Tour Guide Flashback – Rabobank Pages (2011)
RIDE Media has produced the official Tour de France Guide (Australian edition) since 2003. The 2012 edition will be on sale mid-June. As part of the team pages we are also offering ‘Flashbacks’ to the 2011 Guide to help provide a look at the progress/changes to the teams between the 98th and 99th Tours de France.
In this flashback we look at the commentary on the Rabobank team from the 2011 Tour preview.
Flashback: 2011 – Rabobank Team Pages
Gesink: a serious Dutch hope for the yellow jersey
It’s been 21 years since Erik Breukink finished on the podium, as the third-place finisher at the Tour de France. That effectively marked the end of an era: when Dutch riders were capable of a good result in the general classification. To date, only one rider from the Netherlands has won the yellow jersey – Jan Janssen back in 1968. But that could change this year.>
Robert Gesink has given Rabobank hope. He has class and appears to be a man on the brink of a very big success. And his team is putting its considerable resources behind him in 2011. He is going to have a full-tilt crack at winning the title. It will be his third Tour and although he’s been relatively anonymous until now – crashing out early in his debut and following others to his sixth place in 2010 – everything is going according to his bold plans so far this year. He won two stages of the Tour of Oman (and the title) early in the season, backed up with second (behind Cadel Evans) in Tirreno-Adriatico, and got through his spring campaign with numerous top-10 placings. Critically, he survived without any injuries or illness.
His talent is best exposed on the climbs. It was on the slopes of Mont Ventoux in 2008 that he finished second to Evans in Paris-Nice and took the yellow jersey. That was his first real taste of the big league and although he stumbled in a stage and slipped down the rankings to finish fourth overall, he earned a reputation as a star of the future. And that time is now!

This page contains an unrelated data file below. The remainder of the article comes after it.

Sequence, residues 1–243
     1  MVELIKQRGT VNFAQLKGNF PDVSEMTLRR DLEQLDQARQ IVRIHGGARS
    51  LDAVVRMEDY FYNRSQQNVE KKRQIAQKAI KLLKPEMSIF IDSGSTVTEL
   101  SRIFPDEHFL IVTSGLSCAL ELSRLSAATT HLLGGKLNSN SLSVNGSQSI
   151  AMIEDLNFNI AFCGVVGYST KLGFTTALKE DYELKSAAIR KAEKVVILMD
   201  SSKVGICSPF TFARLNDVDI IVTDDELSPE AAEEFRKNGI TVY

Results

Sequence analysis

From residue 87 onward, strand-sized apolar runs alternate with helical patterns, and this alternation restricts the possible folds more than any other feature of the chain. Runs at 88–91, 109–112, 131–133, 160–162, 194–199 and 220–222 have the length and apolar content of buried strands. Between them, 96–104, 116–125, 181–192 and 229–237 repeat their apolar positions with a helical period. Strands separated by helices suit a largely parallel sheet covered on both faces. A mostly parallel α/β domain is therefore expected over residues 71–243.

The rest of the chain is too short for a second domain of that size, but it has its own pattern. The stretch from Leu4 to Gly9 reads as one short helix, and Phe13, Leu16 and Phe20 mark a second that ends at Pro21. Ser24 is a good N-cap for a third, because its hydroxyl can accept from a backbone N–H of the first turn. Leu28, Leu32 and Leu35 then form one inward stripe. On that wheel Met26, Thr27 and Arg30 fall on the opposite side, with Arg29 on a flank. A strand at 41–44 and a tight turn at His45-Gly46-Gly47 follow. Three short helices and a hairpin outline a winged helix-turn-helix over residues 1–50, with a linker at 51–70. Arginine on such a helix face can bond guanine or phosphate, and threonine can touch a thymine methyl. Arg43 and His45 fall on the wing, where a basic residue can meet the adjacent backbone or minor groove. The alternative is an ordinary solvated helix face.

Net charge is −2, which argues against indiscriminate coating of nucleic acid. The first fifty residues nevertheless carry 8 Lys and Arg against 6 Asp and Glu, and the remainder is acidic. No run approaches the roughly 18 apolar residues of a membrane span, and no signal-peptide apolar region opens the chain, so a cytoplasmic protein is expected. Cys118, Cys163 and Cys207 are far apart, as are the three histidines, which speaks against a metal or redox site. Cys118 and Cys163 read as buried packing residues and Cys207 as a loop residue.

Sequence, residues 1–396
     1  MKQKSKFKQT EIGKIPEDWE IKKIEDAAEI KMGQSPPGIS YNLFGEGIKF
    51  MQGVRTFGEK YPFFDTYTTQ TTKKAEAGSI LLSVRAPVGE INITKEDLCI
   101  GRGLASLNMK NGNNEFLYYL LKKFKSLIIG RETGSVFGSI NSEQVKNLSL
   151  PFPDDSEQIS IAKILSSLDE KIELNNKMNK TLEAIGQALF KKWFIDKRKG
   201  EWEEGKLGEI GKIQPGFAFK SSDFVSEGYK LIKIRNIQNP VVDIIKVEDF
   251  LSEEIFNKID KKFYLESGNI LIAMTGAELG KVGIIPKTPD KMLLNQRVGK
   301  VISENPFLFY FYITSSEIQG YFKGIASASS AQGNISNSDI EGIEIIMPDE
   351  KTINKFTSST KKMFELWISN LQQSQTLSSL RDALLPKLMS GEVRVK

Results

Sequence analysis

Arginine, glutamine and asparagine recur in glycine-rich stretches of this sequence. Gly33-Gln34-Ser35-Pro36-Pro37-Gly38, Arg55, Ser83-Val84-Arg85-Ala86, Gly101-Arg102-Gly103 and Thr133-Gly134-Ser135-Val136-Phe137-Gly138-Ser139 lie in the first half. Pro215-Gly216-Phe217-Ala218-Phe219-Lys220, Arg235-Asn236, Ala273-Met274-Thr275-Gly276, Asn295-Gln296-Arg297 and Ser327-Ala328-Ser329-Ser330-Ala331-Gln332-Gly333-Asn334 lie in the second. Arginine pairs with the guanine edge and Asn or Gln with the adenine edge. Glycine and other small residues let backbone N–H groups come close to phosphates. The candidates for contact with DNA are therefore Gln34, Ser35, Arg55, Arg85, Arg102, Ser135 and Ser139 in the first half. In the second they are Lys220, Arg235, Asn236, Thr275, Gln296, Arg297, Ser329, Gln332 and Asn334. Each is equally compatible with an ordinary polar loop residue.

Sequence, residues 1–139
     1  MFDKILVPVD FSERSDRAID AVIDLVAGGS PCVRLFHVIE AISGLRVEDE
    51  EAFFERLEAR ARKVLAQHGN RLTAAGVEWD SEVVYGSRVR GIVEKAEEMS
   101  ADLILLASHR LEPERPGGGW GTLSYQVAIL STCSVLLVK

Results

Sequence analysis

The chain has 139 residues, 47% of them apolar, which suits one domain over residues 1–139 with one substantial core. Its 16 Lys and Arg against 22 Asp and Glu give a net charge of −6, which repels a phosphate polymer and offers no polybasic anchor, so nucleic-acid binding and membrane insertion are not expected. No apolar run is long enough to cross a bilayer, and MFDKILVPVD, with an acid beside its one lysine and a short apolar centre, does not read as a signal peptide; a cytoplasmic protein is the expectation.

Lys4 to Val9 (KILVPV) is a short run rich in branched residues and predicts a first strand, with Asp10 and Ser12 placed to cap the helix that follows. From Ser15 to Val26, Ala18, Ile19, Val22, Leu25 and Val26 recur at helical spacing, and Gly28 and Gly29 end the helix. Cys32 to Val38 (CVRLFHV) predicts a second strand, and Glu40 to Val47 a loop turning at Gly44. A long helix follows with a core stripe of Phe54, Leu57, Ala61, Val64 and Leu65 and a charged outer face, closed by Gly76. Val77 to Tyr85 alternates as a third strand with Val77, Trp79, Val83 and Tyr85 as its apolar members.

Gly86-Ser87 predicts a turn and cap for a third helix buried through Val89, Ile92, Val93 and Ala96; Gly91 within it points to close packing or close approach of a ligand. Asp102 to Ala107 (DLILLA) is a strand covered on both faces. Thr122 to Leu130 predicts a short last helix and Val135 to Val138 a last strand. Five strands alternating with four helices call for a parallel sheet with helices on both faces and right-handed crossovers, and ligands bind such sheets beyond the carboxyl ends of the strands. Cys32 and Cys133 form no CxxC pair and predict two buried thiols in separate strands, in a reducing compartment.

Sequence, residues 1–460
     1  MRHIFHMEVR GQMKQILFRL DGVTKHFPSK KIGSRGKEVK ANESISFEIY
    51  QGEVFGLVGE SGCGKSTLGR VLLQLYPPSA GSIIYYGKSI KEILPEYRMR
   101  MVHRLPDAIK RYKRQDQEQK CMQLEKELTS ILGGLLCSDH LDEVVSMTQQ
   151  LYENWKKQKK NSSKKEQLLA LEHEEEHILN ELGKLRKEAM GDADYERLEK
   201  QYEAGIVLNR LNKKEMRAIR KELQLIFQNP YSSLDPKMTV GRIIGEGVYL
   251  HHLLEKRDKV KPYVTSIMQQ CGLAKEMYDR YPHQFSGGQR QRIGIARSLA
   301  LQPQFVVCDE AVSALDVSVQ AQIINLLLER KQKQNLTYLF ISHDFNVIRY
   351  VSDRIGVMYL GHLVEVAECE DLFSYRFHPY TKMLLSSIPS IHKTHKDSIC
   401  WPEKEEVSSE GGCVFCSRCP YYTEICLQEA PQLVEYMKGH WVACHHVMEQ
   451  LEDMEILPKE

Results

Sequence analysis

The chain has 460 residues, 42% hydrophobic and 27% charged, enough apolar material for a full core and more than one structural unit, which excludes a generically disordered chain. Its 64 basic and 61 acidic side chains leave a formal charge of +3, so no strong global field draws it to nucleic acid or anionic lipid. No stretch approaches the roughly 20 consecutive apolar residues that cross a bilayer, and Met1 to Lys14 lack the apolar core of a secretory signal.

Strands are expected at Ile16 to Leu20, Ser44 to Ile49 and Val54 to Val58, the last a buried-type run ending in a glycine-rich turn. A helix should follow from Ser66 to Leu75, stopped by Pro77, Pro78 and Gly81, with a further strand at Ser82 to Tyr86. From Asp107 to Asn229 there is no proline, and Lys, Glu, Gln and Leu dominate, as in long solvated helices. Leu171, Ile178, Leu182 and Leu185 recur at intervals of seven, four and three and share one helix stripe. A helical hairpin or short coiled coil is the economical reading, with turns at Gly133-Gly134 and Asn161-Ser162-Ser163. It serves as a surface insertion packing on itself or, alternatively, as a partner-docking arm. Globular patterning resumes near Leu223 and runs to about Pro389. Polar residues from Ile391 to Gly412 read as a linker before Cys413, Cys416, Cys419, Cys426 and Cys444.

This is a team that’s been significantly rebuilt several times over the years and the roster now contains a number of Dutch riders who have come through Rabobank’s development team. Bauke Mollema was touted as “better than Gesink” by some who saw the rider from Groningen perform early in his career. Three top-10 placings on GC of the three major stages races he did early this year – Paris-Nice, Volta a Catalunya and Vuelta al Paìs Vasco – should be considered as evidence of his ability.
“He never thought of being a cyclist,” explained Rodrick de Munnik, from Fiets magazine. “But he noted that he could get to school a lot faster than the other kids. He tried a time trial… won that, and before long he was courted by Rabo.”
This team has a long history, one that isn’t afraid to invest in talent from near and far. Now that Denis Menchov has gone elsewhere (after finishing third in the Tour last year) it’s opened things up for the homegrown talent like Gesink and Mollema. Still, the bank has opted for some foreigners to strengthen their roster. One of the nicest guys on a bike, Luis Léon Sanchez, has signed up, as has Matti Breschel… although the Dane has been plagued with injury and is yet to race in the blue and orange.
Gesink has been put on notice early: he will be the leader of the squad come July. With Alpe d’Huez back on the itinerary, Dutch fans now have a reason to return to the mountain that was once a summer-time mecca for orange-clad wielersport fans: a climber who could possibly claim a title.
by Rob Arnold